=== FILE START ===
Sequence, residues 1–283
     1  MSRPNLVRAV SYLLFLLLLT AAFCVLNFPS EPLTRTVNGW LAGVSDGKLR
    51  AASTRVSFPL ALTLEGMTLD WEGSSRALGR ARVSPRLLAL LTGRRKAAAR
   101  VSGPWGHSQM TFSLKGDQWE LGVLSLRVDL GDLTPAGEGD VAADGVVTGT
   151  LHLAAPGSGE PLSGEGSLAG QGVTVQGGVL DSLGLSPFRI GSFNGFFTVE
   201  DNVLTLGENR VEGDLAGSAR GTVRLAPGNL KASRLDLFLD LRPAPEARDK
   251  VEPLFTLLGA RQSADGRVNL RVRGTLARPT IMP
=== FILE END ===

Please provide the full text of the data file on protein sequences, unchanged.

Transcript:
Sequence, residues 1–283
     1  MSRPNLVRAV SYLLFLLLLT AAFCVLNFPS EPLTRTVNGW LAGVSDGKLR
    51  AASTRVSFPL ALTLEGMTLD WEGSSRALGR ARVSPRLLAL LTGRRKAAAR
   101  VSGPWGHSQM TFSLKGDQWE LGVLSLRVDL GDLTPAGEGD VAADGVVTGT
   151  LHLAAPGSGE PLSGEGSLAG QGVTVQGGVL DSLGLSPFRI GSFNGFFTVE
   201  DNVLTLGENR VEGDLAGSAR GTVRLAPGNL KASRLDLFLD LRPAPEARDK
   251  VEPLFTLLGA RQSADGRVNL RVRGTLARPT IMP